How technology is re-shaping the future of gaming
Gamers worldwide are looking for the next big trends and technologies – YouTuber and animator Julian Choi argues that there are 5 main technologies that will completely re-shape the gaming industry.
The hunt is on for hardware developers to create the most immersive and cost-effective solutions to increasingly resource-intensive games. Gaming has already integrated itself into the everyday lives of billions of people worldwide, and as powerful hardware becomes increasingly accessible, it is sure to draw in numerous more.
While technology is evolving rapidly, there are 5 aspects that are set to change the way we experience gaming in the near future – some of which are happening already.
AR combines the real world with the virtual world, allowing the seamless fusion of creativity in the virtual world with the realism of the real world; adults and kids alike have thoroughly enjoyed the fun of another layer of excitement on everyday life.
You may recall a certain mobile game that made major headlines in 2016. That game is “Pokémon GO”, a game developed by Niantic. The game integrates “Pokémon”, creatures with magical powers, into the real world- challenging players with searching all over the locations they are in in the real world to discover and catch all the 300+ Pokémon.
The game only recently peaked at 147 million players, earning Niantic $104m monthly.
All this being said though, Pokémon is not the only AR game; another game taking advantage of AR is “father.io”. Father.io aims to rejuvenate laser tag; by installing the game, you and your friends can face off against each other with AR guns.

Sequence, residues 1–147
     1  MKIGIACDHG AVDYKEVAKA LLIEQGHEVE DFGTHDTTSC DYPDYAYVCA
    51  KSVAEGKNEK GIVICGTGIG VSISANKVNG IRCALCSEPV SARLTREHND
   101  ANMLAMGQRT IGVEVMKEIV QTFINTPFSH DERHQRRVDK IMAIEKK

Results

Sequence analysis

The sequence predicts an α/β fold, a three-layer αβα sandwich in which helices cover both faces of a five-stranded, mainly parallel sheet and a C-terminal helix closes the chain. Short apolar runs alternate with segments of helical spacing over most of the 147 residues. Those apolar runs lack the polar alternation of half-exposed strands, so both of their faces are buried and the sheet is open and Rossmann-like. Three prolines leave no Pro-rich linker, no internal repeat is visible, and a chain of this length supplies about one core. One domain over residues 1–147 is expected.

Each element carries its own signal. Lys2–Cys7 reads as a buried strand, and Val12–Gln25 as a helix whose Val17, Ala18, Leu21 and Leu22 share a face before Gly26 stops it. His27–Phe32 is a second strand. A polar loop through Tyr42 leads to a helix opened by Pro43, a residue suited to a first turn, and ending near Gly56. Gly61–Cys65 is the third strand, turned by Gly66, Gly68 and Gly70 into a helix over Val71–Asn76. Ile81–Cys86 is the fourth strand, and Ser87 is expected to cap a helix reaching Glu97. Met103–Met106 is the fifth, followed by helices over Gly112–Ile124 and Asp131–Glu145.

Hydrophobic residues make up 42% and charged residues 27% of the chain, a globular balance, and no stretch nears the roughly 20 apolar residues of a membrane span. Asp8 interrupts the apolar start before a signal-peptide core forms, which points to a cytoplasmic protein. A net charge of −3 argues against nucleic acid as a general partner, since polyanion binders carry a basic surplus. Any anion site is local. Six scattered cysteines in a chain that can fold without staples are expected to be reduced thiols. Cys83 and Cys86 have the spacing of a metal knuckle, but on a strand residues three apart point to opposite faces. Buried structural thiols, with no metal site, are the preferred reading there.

As investment continues to escalate in AR, we expect to see it become more mainstream and create new gaming possibilities.
VR is still in its emerging stages and seems to be a long-term project that needs time to become perfect. More and more companies are coming out with VR headsets and even though the average gamer does not own a VR headset, enhanced headset technology and publicity has generated interest.
VR works by having the user put on a set of “VR Goggles”, a headset specifically designed to emulate 3-dimensional sight, similarly to how 3D glasses work. The first major, publically available VR Goggles were the Oculus Rift, announced in 2012. Since then, other companies like Samsung and Sony have also tried their hand in creating their own version of the Rift.
Some companies like Google have taken a different approach to VR- instead of making it an exquisite item, they chose to downscale it to the “Google Cardboard”, effectively starting a new wave of VR hardware aimed to turn mobile devices into VR instead of a computer or gaming console like the Oculus Rift.
Adaptive Artificial Intelligence:
You’re probably sick of acronyms by now but Adaptive AI is a game changer, specifically in the gaming world. The gaming industry is a foresight to all others, with other industries learning and emulating from gaming. In the mid-1980’s gamers began exploring AI characters and developing their emotional capabilities and interactivity. Most games are built to convey a certain level of natural interactivity through scripted algorithms, but immediate investments are facilitating actual machine learning to gain control.
A simple example of this would be to think of the classic video game, “Pong”, but instead of having the AI simply bounce the ball back the same way every time- imagine if it observed your behaviour and exploited it against you, effectively learning from you and giving you more of a challenge the more it figures you out.
Sounds scary, but it’s already happening! “Metal Gear Solid V: The Phantom Pain” developed by Konami Studios in 2015 has some of the most brilliant AI. The game puts the player in the shoes of a secret stealth agent that must sneak past enemy guards undetected; one of the weapons given to the player is a tranquilizer pistol, which puts an enemy to sleep when shot in the head. If the player chooses to dispatch their opponents with the tranquilizer very often, they will soon be faced with the fact that the AI has indeed caught on and have begun wearing helmets! This effectively nullifies the tranquilizer and makes the player take a different approach, encouraging different play styles.